Solid Gold: Demand Leads To Record Prices Gold has a universal appeal as a safe haven for investors. Concerns about the Greek economy and the European Union bailout have prompted more people to buy gold. And prices have risen dramatically this spring, prompting some people to wonder whether they should sell jewelry for cash.
NPR logo

Solid Gold: Demand Leads To Record Prices

  • Download
  • <iframe src="" width="100%" height="290" frameborder="0" scrolling="no" title="NPR embedded audio player">
  • Transcript
Solid Gold: Demand Leads To Record Prices

Solid Gold: Demand Leads To Record Prices

  • Download
  • <iframe src="" width="100%" height="290" frameborder="0" scrolling="no" title="NPR embedded audio player">
  • Transcript


The price of gold hit an all-time high this spring, reaching nearly $1,250 an ounce. Gold got a boost from investors who were worried about the stability of the euro. In recent days, the price of gold has slumped as many people decide it's best not to invest in anything at all. Still, gold remains a popular investment, and that is more than you can say for stocks these days.

NPR's Wendy Kaufman reports.

WENDY KAUFMAN: The price of gold is about a triple what it was just five years ago. It's a price that reflects worries about inflation, the decline in the value of the euro and general uneasiness. Gold is real. It's not paper money.

Ed Rice, of the University of Washington's Foster School of Business, adds that gold transcends cultural differences and is timeless.

Mr. ED RICE (University of Washington): It's a beautiful thing. It's a sign of prosperity. Or whatever people like about it, they have liked for hundreds of years, and so the thought is they'll continue to like it in the future.

KAUFMAN: Lots of us have gold, even if just a tiny bit. And some people are pawing through bottom drawers, jewelry boxes and other stashes, looking for items that could bring them instant cash.

Mr. WILLIAM SAXTON: I heard that gold was fairly high right now. So I figured I'd bring it in and see what I could get.

KAUFMAN: What William Saxton brought in to the Yuppie Pawn Shop in suburban Seattle was a 1945, two-peso gold coin. But most of what comes in to this upscale pawn store is gold jewelry.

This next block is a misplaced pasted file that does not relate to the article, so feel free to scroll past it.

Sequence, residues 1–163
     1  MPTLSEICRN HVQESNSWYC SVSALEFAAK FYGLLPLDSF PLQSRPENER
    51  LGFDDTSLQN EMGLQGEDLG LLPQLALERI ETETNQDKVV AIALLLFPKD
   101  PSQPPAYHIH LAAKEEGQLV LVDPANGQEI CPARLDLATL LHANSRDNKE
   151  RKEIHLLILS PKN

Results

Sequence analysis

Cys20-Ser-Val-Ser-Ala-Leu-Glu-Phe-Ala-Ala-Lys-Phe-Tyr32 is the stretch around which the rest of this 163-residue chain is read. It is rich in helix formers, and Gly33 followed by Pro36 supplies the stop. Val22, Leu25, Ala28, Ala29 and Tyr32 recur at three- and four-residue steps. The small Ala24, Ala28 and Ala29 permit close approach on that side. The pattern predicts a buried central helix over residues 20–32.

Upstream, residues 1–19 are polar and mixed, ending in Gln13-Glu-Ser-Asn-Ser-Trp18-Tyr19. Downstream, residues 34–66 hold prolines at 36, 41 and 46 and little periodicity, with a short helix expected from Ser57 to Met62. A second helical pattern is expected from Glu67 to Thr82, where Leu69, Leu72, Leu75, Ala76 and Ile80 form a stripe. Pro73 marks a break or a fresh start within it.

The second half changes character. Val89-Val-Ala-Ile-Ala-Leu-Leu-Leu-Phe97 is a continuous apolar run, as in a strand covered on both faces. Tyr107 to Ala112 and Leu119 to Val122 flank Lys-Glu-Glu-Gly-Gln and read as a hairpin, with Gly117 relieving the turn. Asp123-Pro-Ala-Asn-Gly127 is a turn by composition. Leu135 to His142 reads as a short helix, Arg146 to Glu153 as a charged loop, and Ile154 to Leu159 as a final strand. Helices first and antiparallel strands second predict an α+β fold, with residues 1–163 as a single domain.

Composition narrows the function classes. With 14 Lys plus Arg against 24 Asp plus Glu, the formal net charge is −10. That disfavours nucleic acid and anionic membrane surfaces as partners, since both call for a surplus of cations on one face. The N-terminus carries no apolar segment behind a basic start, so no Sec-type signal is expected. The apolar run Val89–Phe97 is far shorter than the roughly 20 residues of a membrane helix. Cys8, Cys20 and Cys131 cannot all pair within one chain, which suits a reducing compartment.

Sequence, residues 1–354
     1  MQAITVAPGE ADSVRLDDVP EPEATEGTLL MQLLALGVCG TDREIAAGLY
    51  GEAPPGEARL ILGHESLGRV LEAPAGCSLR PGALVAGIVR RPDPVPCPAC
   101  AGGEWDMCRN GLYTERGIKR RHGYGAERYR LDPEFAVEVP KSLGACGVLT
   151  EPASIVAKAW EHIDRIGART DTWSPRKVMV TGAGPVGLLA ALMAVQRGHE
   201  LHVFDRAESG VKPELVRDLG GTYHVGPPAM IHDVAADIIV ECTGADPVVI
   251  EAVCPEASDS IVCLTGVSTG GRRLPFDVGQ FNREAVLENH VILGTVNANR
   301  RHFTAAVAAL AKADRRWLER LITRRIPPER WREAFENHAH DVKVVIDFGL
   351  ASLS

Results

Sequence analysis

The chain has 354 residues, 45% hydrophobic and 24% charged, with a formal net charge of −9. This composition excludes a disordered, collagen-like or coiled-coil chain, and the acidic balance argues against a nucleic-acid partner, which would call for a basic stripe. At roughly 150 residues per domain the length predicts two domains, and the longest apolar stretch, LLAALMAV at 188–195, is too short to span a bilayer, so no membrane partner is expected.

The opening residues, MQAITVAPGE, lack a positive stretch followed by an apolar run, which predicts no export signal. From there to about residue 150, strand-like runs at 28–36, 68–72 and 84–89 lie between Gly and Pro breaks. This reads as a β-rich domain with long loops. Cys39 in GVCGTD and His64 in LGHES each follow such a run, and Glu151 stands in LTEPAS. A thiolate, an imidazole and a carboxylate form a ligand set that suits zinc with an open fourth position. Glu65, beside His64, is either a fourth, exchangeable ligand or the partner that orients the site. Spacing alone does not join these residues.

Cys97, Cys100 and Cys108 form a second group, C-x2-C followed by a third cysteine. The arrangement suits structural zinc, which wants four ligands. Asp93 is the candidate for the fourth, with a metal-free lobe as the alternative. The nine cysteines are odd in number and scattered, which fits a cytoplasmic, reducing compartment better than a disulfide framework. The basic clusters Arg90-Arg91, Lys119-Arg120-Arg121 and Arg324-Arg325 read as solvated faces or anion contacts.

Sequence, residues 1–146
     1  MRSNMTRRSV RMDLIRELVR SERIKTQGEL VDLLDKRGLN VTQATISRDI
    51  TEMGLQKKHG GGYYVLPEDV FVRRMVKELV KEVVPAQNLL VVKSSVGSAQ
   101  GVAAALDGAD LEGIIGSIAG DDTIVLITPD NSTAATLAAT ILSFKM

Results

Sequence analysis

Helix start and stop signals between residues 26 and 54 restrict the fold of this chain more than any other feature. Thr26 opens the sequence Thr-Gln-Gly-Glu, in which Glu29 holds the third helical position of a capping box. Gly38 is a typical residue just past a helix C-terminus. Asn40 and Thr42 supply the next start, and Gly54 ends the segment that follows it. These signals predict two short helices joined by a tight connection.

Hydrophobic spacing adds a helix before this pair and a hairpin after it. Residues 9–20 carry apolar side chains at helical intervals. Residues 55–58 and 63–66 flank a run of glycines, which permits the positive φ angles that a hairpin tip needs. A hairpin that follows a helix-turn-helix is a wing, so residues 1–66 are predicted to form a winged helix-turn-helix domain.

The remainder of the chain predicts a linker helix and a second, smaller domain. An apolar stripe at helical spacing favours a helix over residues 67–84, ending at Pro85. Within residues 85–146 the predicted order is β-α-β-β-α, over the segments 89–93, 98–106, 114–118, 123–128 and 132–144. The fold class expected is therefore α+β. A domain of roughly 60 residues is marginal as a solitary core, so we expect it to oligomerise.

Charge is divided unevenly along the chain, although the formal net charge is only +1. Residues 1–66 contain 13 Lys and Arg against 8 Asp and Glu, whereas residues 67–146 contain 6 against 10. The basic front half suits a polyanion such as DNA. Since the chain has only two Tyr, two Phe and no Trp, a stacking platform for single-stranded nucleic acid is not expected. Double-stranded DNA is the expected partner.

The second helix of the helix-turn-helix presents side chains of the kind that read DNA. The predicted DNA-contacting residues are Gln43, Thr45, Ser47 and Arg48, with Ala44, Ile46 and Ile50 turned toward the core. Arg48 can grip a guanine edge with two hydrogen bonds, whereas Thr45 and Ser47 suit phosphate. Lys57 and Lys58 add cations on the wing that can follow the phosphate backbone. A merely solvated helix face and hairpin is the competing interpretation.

Mr. BRIAN LURIE (Founder and Co-owner, Yuppie Pawn Shop): There's one. I don't like that one. Three. All right, four pieces of gold. What do you think that's worth?

KAUFMAN: Brian Lurie, founder and co-owner of the store, has handed me a fistful of 14-karat gold jewelry. I haven't a clue what it's worth. He puts the jewelry on a scale, and tells me he'd pay about $200 to $300 an ounce for this. It's a far cry from the commodity price but can be a tidy sum nonetheless.

Mr. LURIE: Every day, we do get a lot of calls. And people are shopping on the phone. That's when I go into the store - hey, well, what we're going to offer you is all going to be in the range of what we can melt it down for it. We're certainly not going to pay for the beauty of the gold.

KAUFMAN: Its meltdown value has been rising, and Lurie can often sell gold for twice as much as he pays for it. It represents a giant piece of his profits. Companies that urge consumers to mail in their gold for instant cash are chasing those profits as well.

(Soundbite of advertisement)

Unidentified Man: (Singing) If money is your thing, sell your necklace or ring at...

Unidentified Group: (Singing) Webuygold123.

Unidentified Man: (Singing) For the top dollar you can get, find us on the Internet at...

Unidentified Group: (Singing) Webuygold123.

Mr. BEN POPKEN (Managing Editor, Consumerist): It's pretty typical of the kind of advertising and promotion that goes into this.

KAUFMAN: But Ben Popken, a managing editor at the Consumerist, a consumer's union website, is quick to suggest the problems in the mail-in gold industry are no laughing matter.

he companies - and we aren't singling out this one - encourage you to mail in your gold. They promise to weigh it, assess it, and then send you a check. But, says Popken...

Mr. POPKEN: Lowballing is rife within the mail-in gold industry. People get checks back for pennies on the dollar. They're thinking maybe, hey, I'll get 100, a couple hundred bucks, whatever, and they get back a check for $9.

KAUFMAN: Another problem, he says, is that some companies lure consumers in with a money-back guarantee, but don't give them enough time to reject the amount they were sent and get their gold back. Many companies have denied engaging in unfair practices, but the spotlight is likely to remain on those who are trying to capitalize on gold fever.

Wendy Kaufman, NPR News, Seattle.

Copyright © 2010 NPR. All rights reserved. Visit our website terms of use and permissions pages at for further information.

NPR transcripts are created on a rush deadline by Verb8tm, Inc., an NPR contractor, and produced using a proprietary transcription process developed with NPR. This text may not be in its final form and may be updated or revised in the future. Accuracy and availability may vary. The authoritative record of NPR’s programming is the audio record.